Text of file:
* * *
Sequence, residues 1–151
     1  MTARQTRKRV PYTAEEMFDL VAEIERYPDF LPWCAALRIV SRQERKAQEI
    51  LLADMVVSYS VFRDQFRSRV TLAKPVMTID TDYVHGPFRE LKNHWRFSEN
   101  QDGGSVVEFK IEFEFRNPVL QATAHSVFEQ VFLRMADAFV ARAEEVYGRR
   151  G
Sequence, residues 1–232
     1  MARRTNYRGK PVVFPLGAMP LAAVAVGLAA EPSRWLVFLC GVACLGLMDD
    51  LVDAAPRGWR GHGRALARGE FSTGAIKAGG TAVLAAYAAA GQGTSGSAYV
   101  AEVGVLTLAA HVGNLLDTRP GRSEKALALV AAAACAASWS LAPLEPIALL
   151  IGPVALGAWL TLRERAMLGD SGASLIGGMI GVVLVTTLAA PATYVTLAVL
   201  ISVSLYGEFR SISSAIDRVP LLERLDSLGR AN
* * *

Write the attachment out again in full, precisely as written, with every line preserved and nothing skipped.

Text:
Sequence, residues 1–151
     1  MTARQTRKRV PYTAEEMFDL VAEIERYPDF LPWCAALRIV SRQERKAQEI
    51  LLADMVVSYS VFRDQFRSRV TLAKPVMTID TDYVHGPFRE LKNHWRFSEN
   101  QDGGSVVEFK IEFEFRNPVL QATAHSVFEQ VFLRMADAFV ARAEEVYGRR
   151  G
Sequence, residues 1–232
     1  MARRTNYRGK PVVFPLGAMP LAAVAVGLAA EPSRWLVFLC GVACLGLMDD
    51  LVDAAPRGWR GHGRALARGE FSTGAIKAGG TAVLAAYAAA GQGTSGSAYV
   101  AEVGVLTLAA HVGNLLDTRP GRSEKALALV AAAACAASWS LAPLEPIALL
   151  IGPVALGAWL TLRERAMLGD SGASLIGGMI GVVLVTTLAA PATYVTLAVL
   201  ISVSLYGEFR SISSAIDRVP LLERLDSLGR AN